With three of five announced U.S House District 26 Republican candidates absent, Cutler Bay Mayor Ed MacDougall and attorney Lorenzo “Larry” Palomares-Starbuck had the floor to themselves during a third pre- Aug. 26 primary election forum, hosted on July 31 by the Kendall Federation of Homeowner Associations (KFHA).
Their 90-minute interchange of ideas and issues took place before more than 100 who had hoped to hear former Miami-Dade District 10 (Kendall) Commissioner Joe Martinez and Miami-Dade School Board member Carlos Curbelo, as well as former State Rep. David Rivera who had not formally withdrawn his name from the race at that time.
One week later, MacDougall who has gained extensive support in Kendall for his positions on limiting expressway expansion and opposing FPL power lines on US1 drew the endorsement of the KFHA’s Political Action Committee.
Meanwhile, Kendall voters got a firsthand look at a common schism between GOP viewpoints whenever the sharply rightwing views of Palomares-Starbuck contrasted with those of MacDougall who described his position as “more middle road.”
For example, asked if he would support a current GOP move to impeach President Barack Obama, Palomares-Starbuck flatly declared, “I’d love to draw up the Articles of Impeachment myself” while MacDougall opted “for a careful study of all that’s involved” before committing to a position.
Founder of a southwest Miami-Dade real estate and insurance firm before becoming Cutler Bay’s mayor, MacDougall in his opening remarks stressed “returning integri-ty to your representation,” an inference against Curbelo who MacDougall has challenged for not disclosing private income.
Palomares-Starbuck, a resident of Kendall since 1979, began by emphasizing his familiarity with community issues as well as his Kendall roots that include three grown children and grandchildren, “all part of three generations still making their homes in Kendall.”
The first local issue raised by longtime KFHAmember Miles Moss asked if the candidates would help Kendale Lakes neighbors require the Bureau of Indian Affairs to hold a public hearing if the Miccosukee Tribe attempts again to put the golf course property into trust as Tribal Land. “It’s a complex question,” MacDougall said, noting the tribe purchased the declining golf club with property rights within zoning restrictions for its redevelopment, adding, however, that “the people must have the right to come to the table” regarding any change of zoning or land use regulations.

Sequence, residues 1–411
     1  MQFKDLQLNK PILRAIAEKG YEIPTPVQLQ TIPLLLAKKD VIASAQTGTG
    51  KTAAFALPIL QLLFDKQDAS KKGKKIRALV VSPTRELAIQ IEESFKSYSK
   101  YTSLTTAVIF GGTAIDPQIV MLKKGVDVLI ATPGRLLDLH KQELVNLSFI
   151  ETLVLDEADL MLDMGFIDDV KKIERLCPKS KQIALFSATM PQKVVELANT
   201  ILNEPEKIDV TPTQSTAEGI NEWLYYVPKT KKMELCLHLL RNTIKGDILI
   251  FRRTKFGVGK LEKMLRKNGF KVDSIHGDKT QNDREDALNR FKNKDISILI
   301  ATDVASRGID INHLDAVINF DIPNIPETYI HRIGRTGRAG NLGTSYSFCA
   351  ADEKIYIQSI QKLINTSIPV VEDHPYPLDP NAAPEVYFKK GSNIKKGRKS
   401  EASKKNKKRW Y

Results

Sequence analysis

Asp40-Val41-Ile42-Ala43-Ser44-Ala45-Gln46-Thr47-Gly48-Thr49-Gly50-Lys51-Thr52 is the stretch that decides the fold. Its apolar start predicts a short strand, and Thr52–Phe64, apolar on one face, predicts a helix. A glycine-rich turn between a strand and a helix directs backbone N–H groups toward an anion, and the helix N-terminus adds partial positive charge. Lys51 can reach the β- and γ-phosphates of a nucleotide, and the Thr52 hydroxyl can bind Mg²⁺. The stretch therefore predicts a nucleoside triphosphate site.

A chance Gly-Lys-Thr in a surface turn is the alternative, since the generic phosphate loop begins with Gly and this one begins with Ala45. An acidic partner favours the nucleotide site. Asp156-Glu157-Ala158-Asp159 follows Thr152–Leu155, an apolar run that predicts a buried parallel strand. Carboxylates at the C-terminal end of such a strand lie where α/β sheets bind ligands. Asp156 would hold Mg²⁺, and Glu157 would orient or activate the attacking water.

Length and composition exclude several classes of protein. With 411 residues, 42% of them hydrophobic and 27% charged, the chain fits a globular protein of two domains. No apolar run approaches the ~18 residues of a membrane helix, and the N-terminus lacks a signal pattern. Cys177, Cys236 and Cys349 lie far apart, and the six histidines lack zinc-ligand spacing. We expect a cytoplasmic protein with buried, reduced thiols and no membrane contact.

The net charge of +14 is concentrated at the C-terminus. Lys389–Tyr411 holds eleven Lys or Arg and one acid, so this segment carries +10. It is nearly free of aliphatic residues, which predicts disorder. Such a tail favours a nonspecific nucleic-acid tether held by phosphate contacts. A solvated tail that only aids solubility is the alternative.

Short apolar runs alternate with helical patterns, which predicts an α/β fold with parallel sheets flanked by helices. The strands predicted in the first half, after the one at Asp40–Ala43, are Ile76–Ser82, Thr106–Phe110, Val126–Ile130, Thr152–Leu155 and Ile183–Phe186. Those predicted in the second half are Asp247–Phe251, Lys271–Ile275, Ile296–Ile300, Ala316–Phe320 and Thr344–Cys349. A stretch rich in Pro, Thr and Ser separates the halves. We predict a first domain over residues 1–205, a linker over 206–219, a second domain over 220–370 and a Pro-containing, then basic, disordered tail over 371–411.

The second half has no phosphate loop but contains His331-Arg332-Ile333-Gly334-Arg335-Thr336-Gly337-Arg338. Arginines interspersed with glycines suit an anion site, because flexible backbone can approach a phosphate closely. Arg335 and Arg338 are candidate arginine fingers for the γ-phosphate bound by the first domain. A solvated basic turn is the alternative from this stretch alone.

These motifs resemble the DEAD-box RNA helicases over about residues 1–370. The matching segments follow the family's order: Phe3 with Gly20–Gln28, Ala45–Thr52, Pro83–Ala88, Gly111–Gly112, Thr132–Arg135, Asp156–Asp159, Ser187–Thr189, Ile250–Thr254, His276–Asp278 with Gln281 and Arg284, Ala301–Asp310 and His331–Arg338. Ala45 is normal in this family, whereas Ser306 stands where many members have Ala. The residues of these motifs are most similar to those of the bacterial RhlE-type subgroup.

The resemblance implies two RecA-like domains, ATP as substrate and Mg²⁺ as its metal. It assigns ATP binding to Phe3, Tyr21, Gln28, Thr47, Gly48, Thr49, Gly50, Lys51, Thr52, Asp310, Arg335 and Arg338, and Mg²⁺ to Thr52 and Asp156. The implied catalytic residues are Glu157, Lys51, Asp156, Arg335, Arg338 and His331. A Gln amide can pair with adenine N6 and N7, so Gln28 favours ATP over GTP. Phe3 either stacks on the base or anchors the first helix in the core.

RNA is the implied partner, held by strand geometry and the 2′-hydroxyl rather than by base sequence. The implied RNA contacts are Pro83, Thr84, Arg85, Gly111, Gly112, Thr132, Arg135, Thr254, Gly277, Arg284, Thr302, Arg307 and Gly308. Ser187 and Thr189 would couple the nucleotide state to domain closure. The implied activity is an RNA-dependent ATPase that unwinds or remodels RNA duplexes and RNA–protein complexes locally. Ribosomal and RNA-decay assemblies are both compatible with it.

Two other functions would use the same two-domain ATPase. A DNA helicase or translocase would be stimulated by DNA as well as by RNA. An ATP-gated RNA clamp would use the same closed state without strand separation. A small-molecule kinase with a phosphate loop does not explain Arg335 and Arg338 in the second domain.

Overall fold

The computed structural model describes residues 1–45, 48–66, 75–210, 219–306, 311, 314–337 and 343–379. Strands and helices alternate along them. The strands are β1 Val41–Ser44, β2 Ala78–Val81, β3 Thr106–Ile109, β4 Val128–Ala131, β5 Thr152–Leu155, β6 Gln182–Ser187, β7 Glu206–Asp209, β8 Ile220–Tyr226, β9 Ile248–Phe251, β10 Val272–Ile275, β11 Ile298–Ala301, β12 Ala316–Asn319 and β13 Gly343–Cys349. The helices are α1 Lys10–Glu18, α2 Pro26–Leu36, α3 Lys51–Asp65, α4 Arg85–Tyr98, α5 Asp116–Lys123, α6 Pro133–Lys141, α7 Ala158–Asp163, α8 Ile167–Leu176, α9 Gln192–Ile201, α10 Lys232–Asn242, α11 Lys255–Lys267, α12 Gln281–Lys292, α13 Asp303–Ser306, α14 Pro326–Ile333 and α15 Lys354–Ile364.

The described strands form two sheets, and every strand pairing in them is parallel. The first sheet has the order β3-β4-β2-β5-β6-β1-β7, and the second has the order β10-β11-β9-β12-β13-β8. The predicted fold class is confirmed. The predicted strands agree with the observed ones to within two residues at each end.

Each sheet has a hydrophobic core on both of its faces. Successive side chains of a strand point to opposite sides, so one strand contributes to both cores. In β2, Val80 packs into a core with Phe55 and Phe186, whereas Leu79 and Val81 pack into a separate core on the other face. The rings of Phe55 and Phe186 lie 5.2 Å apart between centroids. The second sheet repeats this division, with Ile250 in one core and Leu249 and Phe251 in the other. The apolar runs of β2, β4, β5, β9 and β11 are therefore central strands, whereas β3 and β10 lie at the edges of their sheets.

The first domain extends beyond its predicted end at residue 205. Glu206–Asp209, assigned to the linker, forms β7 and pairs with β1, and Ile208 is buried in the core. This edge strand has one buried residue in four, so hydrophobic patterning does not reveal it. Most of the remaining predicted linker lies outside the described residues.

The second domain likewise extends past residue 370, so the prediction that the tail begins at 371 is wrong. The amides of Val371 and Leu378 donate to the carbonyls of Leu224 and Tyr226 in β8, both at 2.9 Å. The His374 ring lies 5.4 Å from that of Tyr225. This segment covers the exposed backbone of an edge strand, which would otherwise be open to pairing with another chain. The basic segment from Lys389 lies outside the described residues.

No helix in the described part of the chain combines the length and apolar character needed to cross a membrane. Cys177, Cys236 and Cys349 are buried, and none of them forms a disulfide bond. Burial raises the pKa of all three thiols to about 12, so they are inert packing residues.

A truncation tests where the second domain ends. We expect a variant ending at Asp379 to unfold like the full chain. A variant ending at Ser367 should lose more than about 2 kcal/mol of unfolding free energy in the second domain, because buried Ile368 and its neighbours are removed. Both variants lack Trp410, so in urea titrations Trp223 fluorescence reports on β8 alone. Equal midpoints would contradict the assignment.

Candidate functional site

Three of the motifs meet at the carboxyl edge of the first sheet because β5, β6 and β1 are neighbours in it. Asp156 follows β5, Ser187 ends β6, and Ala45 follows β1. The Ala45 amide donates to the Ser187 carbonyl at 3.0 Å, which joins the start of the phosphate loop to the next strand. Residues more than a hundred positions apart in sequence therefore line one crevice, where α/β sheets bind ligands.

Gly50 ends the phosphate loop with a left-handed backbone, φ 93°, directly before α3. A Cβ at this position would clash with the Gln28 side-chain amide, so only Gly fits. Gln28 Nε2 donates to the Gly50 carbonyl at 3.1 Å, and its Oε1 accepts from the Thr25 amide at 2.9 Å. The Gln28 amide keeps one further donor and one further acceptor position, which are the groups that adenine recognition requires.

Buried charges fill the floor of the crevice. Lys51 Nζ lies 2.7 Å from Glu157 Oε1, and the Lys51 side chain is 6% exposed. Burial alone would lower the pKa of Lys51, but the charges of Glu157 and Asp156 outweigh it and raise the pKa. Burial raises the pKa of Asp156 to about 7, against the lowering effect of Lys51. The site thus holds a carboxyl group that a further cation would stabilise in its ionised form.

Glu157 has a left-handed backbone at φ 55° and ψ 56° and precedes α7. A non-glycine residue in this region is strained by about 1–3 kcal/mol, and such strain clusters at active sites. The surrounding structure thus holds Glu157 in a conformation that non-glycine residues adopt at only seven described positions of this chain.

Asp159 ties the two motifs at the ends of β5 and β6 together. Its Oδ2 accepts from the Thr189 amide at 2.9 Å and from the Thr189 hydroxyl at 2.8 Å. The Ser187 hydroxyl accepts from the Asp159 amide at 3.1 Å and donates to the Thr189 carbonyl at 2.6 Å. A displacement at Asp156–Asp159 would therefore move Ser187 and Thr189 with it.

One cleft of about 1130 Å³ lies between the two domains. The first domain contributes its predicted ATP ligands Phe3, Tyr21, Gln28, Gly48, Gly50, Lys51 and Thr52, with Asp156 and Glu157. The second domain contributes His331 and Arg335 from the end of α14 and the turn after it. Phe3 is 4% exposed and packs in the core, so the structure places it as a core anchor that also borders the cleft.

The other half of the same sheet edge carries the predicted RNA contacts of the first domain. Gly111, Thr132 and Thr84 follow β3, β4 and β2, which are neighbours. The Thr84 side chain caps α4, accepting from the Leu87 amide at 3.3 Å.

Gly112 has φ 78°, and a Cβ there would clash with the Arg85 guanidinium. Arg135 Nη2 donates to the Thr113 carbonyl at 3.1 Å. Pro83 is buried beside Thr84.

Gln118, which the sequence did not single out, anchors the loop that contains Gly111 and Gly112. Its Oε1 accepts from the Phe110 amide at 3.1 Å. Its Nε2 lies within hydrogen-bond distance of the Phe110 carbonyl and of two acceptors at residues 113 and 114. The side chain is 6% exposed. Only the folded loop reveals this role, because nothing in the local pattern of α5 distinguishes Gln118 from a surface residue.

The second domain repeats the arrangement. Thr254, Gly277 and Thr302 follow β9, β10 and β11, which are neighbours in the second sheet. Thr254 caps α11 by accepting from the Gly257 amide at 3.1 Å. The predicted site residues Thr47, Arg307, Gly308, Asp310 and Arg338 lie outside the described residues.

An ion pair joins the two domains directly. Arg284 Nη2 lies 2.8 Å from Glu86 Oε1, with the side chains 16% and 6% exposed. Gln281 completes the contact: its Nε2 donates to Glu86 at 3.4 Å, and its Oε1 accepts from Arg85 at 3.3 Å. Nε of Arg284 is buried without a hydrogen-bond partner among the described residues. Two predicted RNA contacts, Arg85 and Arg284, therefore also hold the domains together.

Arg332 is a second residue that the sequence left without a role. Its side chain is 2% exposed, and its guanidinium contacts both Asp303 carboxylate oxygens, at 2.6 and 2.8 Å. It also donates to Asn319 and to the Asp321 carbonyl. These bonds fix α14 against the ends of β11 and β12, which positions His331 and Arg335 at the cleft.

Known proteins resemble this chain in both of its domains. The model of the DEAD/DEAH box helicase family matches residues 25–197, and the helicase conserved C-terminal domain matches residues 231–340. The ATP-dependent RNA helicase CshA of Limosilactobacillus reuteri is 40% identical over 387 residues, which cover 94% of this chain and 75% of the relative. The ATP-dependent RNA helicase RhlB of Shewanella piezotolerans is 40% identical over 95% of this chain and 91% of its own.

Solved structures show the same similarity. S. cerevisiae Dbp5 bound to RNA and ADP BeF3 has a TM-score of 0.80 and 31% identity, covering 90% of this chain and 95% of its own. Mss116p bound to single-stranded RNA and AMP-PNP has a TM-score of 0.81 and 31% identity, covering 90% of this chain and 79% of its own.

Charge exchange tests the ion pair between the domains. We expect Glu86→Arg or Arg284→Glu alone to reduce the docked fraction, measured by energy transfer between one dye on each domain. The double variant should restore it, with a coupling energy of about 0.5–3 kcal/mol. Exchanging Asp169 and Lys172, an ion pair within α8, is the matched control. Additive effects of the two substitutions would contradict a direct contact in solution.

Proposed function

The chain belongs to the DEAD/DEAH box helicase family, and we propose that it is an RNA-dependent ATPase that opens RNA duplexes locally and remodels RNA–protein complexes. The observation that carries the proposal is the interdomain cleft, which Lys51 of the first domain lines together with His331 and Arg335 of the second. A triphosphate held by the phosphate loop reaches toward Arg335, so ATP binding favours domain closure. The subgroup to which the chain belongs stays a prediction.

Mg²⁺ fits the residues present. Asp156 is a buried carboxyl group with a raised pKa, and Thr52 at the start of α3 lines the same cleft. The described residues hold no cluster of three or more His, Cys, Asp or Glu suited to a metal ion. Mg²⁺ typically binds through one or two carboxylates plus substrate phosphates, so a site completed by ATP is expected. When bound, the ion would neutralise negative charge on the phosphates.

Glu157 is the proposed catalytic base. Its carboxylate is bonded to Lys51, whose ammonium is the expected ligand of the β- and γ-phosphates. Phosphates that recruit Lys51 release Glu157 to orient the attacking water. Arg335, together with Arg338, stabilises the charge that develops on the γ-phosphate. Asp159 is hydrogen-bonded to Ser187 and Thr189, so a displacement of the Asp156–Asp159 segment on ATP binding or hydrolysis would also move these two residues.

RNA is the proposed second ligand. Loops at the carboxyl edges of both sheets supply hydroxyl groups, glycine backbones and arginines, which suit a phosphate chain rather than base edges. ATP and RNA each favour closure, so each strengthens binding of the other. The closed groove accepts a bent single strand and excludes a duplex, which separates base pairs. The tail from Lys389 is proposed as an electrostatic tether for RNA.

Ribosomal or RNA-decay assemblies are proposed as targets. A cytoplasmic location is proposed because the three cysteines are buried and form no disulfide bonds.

“It’s really more of a business decision between the Micosukees and the government regarding future development,” Palomares- Starbuck answered, later indicating he would support KFHA’s stand that “the people have a right to be heard.”
Both skirted specific stands on deportation of Central American children, MacDougall stating that “every case is different” and he had “no specific answer” to solve both humanitarian and legal issues. Palomares- Starbuck said, “We do not need any special laws to accommodate people,” maintaining that existing immigration statutes should be properly observed.
In varying answers to bettering the economy, Palomares-Starbuck said it was “time to return to basic economic principles in the areas of real estate, construction and mortgage financing without depending on credit ratings as a determinant of risk.”
MacDougall has campaigned heavily on removing special interests or lobbying influences on “enriching themselves” at the expense of economic hardships, commenting he would “jump start our economy from the terrible policies of the Obama Administration.”
Both candidates echoed GOP policy by opposing Common Core and criticizing the Affordable Care Act, which MacDougall termed “an impending disaster.” Palomares- Starbuck predicted the ACA “will eventually bankrupt the economy.”
MacDougall wound up with a pledge to “create new private sector jobs, not government jobs subsidized by taxpayers” and “working to cut red tape and unnecessary regulations imposed on conducting the nation’s business.”
Palomares-Starbuck said his candidacy was based on his strong economic and business experience as both a former public corporation CEO and as director of financial and banking institutions, emphasizing he would return homeowner insurance costs to affordability.